11 A simple guide to pronunciation The Danes themselves will often jokingly refer to their language as a disease of the throat. In doing so, they are thinking of a feature that distinguishes Danish from many other languages, the fact that it is a soft and therefore often indistinct language, whereas the popular concept of a foreign language is one that is sharp and clipped possibly with an exaggerated clarity. One result of this is that Danes speaking English are often mistaken for Irish people. It is not feasible to give a detailed account of Danish pronunciation within the compass of a short introduction, but the following should give you some idea. If you have the cassettes, you will, of course, be able to hear the sounds for yourself. The Danish alphabet contains three more letters than the English, although certain letters in the English alphabet are rarely used in Danish. These letters are in brackets in the following: a b (c) d e f g h i j k l m n o p (q) r s t u v (w) (x) y (z) æ ø å Vowels It is possible to illustrate Danish vowels in the following manner: front vowels back vowels closed i y u half closed e ø o half open æ å open a unrounded rounded The terms need a little explanation. Front vowels are, as the expression suggests, pronounced at the front of the mouth, much as the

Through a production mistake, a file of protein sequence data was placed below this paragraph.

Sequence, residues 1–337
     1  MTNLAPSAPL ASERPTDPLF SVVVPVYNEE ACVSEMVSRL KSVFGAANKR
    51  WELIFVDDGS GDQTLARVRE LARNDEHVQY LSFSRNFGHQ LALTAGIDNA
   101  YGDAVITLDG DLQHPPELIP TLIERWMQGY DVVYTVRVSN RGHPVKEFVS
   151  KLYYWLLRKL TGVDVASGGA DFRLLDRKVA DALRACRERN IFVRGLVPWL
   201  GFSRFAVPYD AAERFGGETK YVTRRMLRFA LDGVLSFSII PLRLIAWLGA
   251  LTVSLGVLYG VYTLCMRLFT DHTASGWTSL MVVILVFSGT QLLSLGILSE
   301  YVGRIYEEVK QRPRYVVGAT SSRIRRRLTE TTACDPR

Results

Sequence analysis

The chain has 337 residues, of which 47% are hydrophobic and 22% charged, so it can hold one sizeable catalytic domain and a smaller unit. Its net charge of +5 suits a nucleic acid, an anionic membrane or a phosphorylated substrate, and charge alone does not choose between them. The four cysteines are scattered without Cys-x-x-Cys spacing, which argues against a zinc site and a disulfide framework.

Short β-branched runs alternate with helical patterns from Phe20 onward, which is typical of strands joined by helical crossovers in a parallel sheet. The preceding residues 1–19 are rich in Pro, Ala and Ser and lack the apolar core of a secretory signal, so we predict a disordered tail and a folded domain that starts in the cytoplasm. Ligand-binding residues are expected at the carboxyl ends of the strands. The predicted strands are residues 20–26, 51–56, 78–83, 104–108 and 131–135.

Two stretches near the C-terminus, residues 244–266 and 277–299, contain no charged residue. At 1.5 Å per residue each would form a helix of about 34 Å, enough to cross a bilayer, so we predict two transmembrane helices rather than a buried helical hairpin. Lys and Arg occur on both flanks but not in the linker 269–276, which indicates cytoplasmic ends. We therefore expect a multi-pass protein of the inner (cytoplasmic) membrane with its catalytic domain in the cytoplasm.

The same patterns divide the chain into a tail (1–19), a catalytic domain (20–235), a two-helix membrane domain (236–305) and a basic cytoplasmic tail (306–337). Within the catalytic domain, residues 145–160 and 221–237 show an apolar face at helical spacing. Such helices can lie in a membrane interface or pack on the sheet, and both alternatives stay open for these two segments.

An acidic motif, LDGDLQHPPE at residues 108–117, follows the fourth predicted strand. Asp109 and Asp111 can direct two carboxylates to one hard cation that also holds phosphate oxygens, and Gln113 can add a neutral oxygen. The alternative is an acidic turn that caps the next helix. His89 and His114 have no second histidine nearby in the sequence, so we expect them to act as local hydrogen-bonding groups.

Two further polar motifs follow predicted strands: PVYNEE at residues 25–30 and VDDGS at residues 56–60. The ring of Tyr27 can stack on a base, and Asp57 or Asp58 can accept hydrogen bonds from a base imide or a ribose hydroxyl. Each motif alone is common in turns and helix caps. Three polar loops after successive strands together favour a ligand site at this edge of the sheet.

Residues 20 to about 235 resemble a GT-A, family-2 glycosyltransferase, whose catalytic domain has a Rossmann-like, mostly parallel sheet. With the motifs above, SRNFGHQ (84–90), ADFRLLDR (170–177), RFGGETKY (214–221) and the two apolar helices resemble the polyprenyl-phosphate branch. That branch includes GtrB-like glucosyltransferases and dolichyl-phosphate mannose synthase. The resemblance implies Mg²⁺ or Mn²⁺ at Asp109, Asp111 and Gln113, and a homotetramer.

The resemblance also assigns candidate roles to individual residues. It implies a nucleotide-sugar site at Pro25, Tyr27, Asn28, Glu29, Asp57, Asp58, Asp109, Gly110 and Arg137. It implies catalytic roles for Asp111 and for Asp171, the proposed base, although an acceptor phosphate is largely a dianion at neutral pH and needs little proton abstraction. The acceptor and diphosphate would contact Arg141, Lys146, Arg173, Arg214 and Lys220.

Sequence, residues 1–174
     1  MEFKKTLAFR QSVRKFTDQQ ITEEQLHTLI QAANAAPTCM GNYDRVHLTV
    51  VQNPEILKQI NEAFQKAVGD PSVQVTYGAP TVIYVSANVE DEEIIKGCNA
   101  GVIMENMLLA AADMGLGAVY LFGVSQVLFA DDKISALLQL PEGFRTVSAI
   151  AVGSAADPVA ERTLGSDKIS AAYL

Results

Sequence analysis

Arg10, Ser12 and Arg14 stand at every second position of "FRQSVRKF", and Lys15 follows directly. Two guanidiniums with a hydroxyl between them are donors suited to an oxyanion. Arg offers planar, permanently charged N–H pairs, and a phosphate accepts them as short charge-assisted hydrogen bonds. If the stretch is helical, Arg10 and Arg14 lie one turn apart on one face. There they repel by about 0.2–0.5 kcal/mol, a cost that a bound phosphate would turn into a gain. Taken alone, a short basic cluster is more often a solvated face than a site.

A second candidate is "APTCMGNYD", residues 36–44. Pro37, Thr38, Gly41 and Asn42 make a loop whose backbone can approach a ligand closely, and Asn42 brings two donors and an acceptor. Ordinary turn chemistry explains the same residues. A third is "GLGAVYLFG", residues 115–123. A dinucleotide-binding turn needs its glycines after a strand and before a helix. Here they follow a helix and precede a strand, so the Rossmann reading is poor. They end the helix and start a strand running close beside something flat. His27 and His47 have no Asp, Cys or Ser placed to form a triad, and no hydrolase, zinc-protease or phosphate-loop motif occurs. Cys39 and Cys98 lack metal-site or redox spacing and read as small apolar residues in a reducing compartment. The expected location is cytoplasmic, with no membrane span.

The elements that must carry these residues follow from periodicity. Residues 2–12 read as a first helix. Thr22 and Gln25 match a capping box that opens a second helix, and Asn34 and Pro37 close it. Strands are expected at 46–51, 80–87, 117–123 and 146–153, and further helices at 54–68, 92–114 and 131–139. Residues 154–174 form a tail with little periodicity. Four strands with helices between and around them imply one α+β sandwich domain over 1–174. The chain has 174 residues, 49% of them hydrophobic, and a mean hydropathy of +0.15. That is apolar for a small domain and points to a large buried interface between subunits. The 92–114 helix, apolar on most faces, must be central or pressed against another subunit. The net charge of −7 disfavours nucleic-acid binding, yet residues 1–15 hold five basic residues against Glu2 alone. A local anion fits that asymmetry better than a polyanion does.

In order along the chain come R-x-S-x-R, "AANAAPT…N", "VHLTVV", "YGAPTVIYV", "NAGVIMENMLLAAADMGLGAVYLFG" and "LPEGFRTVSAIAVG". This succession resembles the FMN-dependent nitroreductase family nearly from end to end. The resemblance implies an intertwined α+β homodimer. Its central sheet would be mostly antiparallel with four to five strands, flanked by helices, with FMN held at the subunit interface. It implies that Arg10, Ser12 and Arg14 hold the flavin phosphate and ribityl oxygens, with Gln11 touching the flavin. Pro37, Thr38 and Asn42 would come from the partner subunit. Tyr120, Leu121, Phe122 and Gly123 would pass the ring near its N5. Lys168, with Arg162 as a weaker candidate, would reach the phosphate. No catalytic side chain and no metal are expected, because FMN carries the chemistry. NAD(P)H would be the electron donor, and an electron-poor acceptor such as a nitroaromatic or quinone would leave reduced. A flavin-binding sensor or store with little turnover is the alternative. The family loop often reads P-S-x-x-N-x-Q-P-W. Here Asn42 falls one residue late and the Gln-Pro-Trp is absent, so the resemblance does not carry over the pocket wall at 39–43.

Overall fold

12 xi English i in pin or ee in bee. The back vowels, on the other hand, are pronounced further back in the mouth, as the oo in swoon. Each of these sets of vowels can be pronounced with the mouth more, or less, open compare the English bin and ban. As you descend the lists of Danish vowels above, you will discover that your mouth must be more and more open. All Danish vowels can be long or short, and the spelling of the relevant words will usually indicate which is which. If followed by a double consonant, a vowel will almost always be short; if followed by a single consonant plus another vowel, or if the vowel ends a word, it will normally be long. Taking the simplest first, we will now look at the first column: i: short: very much like the English i in bin : minut. i: long: similar to English ee in bee or ea in heat : ride, sine. e: short: like the English e in pen ; besøg. e: long: not unlike the ai in English pain : melis. e: at the end of a word, it will often be reduced to something like the second o in London : ingen, prale. æ: a slightly more open form of e : æble, læse. a: short: similar to the English a in cat, but rather more open: sandt, kat. a: long: again a lengthened version of the above: gade, male. The final column goes like this: u: short: rather like the English u in put : fuld, du. u: long: similar to the English oo in boot : drue. o: short: like the English o in gone : blot. o: long: like the English oa in coal : hoste. å: short and long: a rather more open sounding o : blå, håbe, på. The middle column will require a little more effort: y: the long version is formed by rounding your lips as though to say oo, and with your lips in that position trying to say ee. The sound is much like the French u in tu, or the German ü in müde : lyve. The short form corresponds to the short form of ø, below: lykke.